N2 - This study examined neuropsychological characteristics of offenders who killed children. Although prior studies have focused on filicide and neonaticide, children are killed in a variety of contexts. This study used a diverse sample of individuals (N = 33) accused of killing one or more children, referred for forensic neuropsychological evaluation. Across all cognitive domains (intellectual functioning, attention/working memory/processing speed, memory, reasoning/executive functioning, language), mean scores fell in the low average to average range. Offenders who solely killed children were less likely to do so in a premeditated fashion, were more likely to use manual means (e.g., drowning or beating), and scored lower on measures of language and verbal memory, compared with those who also killed adults as part of the offense. Contrary to prior findings, few gender differences were evident in this group of offenders. Findings highlight meaningful heterogeneity in offenders who kill children, which may inform prevention, treatment, and risk assessment.

AB - This study examined neuropsychological characteristics of offenders who killed children. Although prior studies have focused on filicide and neonaticide, children are killed in a variety of contexts. This study used a diverse sample of individuals (N = 33) accused of killing one or more children, referred for forensic neuropsychological evaluation. Across all cognitive domains (intellectual functioning, attention/working memory/processing speed, memory, reasoning/executive functioning, language), mean scores fell in the low average to average range. Offenders who solely killed children were less likely to do so in a premeditated fashion, were more likely to use manual means (e.g., drowning or beating), and scored lower on measures of language and verbal memory, compared with those who also killed adults as part of the offense. Contrary to prior findings, few gender differences were evident in this group of offenders. Findings highlight meaningful heterogeneity in offenders who kill children, which may inform prevention, treatment, and risk assessment.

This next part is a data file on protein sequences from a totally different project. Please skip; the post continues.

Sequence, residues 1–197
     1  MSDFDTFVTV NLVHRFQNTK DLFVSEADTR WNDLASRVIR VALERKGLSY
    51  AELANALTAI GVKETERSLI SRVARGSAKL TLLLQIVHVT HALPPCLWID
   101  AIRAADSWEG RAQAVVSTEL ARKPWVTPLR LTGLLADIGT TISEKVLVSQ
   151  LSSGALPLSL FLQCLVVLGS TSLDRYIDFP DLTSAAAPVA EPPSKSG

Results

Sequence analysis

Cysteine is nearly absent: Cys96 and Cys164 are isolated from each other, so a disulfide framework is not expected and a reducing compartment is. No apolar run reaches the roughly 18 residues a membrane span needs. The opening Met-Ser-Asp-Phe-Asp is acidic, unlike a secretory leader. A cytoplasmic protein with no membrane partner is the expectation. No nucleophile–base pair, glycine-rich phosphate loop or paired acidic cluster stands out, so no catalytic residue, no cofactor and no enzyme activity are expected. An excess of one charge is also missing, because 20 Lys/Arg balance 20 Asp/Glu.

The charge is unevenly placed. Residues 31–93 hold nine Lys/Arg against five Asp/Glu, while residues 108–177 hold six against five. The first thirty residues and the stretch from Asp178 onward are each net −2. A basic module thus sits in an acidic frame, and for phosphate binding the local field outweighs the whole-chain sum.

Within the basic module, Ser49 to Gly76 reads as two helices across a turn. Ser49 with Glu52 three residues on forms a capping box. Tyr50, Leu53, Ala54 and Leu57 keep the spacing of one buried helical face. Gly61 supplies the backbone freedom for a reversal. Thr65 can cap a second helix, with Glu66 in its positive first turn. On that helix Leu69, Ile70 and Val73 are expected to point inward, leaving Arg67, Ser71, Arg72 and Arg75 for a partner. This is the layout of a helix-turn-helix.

KW - child victims

KW - cognitive functioning

KW - homicide

KW - neuropsychological assessment

KW - violence

UR - http://www.scopus.com/inward/record.url?scp=85020922985&partnerID=8YFLogxK

UR - http://www.scopus.com/inward/citedby.url?scp=85020922985&partnerID=8YFLogxK

U2 - 10.1177/0093854817699437

DO - 10.1177/0093854817699437

M3 - Article

AN - SCOPUS:85020922985

VL - 44

SP - 946

EP - 962

JO - Criminal Justice and Behavior

JF - Criminal Justice and Behavior

SN - 0093-8548

IS - 7

ER -